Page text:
7735   leaders, political
     7773   prophets, role

The King after Man's Heart
'And Samuel called the people together unto the Lord to Mizpeh; 18. And said unto the children of Israel, Thus saith the Lord God of Israel, I brought up Israel out of Egypt, and delivered you out of the hand of the Egyptians, and out of the hand of all kingdoms, and of them that oppressed you; 19. And ye have this day rejected your God, who Himself saved you out of all your adversities and your tribulations; and ye have said unto Him, Nay, but set a king over us. Now therefore present yourselves
Alexander Maclaren—Expositions of Holy Scripture

Place of Jesus in the History of the World.
The great event of the History of the world is the revolution by which the noblest portions of humanity have passed from the ancient religions, comprised under the vague name of Paganism, to a religion founded on the Divine Unity, the Trinity, and the Incarnation of the Son of God. It has taken nearly a thousand years to accomplish this conversion. The new religion had itself taken at least three hundred years in its formation. But the origin of the revolution in question with which we have to do
Ernest Renan—The Life of Jesus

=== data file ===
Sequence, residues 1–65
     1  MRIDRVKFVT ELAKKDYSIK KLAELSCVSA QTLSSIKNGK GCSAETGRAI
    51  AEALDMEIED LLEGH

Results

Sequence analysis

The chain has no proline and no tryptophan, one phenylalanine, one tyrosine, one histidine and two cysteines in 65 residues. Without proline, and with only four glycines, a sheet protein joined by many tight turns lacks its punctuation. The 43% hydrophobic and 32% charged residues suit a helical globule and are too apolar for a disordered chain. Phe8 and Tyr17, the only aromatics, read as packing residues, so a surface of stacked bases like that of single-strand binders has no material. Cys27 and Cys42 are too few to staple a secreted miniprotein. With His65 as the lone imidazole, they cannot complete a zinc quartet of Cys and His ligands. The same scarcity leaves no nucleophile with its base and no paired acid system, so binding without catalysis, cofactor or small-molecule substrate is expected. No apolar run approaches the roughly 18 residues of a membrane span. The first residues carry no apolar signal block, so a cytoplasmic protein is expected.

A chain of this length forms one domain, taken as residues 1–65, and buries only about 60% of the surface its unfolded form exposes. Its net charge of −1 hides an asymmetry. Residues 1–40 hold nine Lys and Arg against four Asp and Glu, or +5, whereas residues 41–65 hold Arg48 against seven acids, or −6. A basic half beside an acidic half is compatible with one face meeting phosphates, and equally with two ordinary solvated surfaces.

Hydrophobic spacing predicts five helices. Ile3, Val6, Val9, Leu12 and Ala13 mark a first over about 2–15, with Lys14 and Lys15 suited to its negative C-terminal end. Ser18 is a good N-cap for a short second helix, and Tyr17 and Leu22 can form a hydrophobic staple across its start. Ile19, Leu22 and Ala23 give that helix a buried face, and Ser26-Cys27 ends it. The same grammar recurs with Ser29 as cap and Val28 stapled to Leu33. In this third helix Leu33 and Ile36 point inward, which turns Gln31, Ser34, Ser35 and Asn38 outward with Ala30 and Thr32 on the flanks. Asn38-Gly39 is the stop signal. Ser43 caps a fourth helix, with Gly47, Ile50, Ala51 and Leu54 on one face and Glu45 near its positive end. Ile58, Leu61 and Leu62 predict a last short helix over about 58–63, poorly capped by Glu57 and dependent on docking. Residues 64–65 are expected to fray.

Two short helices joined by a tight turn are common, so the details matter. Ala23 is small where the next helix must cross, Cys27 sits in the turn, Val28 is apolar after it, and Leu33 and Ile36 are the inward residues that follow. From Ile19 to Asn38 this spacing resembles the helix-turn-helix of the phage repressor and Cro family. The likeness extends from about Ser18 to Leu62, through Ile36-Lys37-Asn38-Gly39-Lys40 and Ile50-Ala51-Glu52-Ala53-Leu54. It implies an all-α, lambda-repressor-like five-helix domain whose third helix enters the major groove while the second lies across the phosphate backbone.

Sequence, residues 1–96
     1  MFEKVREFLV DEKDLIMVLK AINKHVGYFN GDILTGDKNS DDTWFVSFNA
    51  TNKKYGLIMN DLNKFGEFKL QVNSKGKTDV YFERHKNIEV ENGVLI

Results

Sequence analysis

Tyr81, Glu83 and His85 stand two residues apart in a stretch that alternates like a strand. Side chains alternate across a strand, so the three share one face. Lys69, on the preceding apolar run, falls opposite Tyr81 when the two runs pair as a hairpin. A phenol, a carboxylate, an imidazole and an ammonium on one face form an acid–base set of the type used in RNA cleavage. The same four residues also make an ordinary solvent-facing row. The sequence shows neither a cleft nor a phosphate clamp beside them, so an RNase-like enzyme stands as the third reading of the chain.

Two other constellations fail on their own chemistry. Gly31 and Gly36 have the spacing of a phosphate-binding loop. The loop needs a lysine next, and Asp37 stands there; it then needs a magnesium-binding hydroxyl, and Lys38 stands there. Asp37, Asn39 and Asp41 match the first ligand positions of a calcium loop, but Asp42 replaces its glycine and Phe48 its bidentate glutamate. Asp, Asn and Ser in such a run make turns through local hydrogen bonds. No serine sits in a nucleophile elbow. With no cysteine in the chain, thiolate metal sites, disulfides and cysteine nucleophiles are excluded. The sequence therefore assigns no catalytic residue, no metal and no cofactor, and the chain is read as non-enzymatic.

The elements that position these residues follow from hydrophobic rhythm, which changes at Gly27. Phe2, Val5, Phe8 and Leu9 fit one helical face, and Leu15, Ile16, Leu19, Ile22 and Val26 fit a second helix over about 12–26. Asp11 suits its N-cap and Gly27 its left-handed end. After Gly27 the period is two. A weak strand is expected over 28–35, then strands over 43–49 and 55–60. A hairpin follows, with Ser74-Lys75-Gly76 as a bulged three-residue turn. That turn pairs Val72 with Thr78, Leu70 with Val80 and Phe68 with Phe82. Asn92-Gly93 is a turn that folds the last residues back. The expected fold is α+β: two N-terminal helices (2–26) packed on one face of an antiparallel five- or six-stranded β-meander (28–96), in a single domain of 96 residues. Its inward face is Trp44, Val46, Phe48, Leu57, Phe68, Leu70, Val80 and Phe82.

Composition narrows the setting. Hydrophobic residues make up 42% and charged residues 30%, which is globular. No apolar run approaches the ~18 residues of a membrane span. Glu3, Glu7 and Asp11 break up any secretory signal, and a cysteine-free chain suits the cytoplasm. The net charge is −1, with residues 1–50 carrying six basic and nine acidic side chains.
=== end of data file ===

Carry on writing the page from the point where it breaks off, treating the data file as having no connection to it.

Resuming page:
And V the Kingdom Undivided and the Kingdom Divided
THE HISTORICAL BOOKS: I and II Samuel. I and II Kings. I and II Chronicles. NOTE.--As these three pairs of books are so closely related in their historical contents, it is deemed best to study them together, though they overlap the two divisions of IV and V. I. CHARTS Chart A. General Contents +--+ " I AND II SAMUEL " +-------------+-----+------+ "Samuel "Saul "David " +-------------+-----+------+----------+ " " " " I AND II KINGS "NOTE.--Biblical
Frank Nelson Palmer—A Bird's-Eye View of the Bible

The Earliest Chapters in Divine Revelation
[Sidenote: The nature of inspiration] Since the days of the Greek philosophers the subject of inspiration and revelation has been fertile theme for discussion and dispute among scholars and theologians. Many different theories have been advanced, and ultimately abandoned as untenable. In its simplest meaning and use, inspiration describes the personal influence of one individual upon the mind and spirit of another. Thus we often say, "That man inspired me." What we are or do under the influence
Charles Foster Kent—The Origin & Permanent Value of the Old Testament

The Trial of Saul.
"And Saul said, Bring hither a burnt offering to me, and peace offerings. And he offered the burnt offering."--1 Samuel xiii. 9. We are all on our trial. Every one who lives is on his trial, whether he will serve God or not. And we read in Scripture of many instances of the trials upon which Almighty God puts us His creatures. In the beginning, Adam, when he was first created, was put upon his trial. He was placed in a beautiful garden, he had every thing given him for his pleasure and comfort;
John Henry Newman—Parochial and Plain Sermons, Vol. VIII

The History Books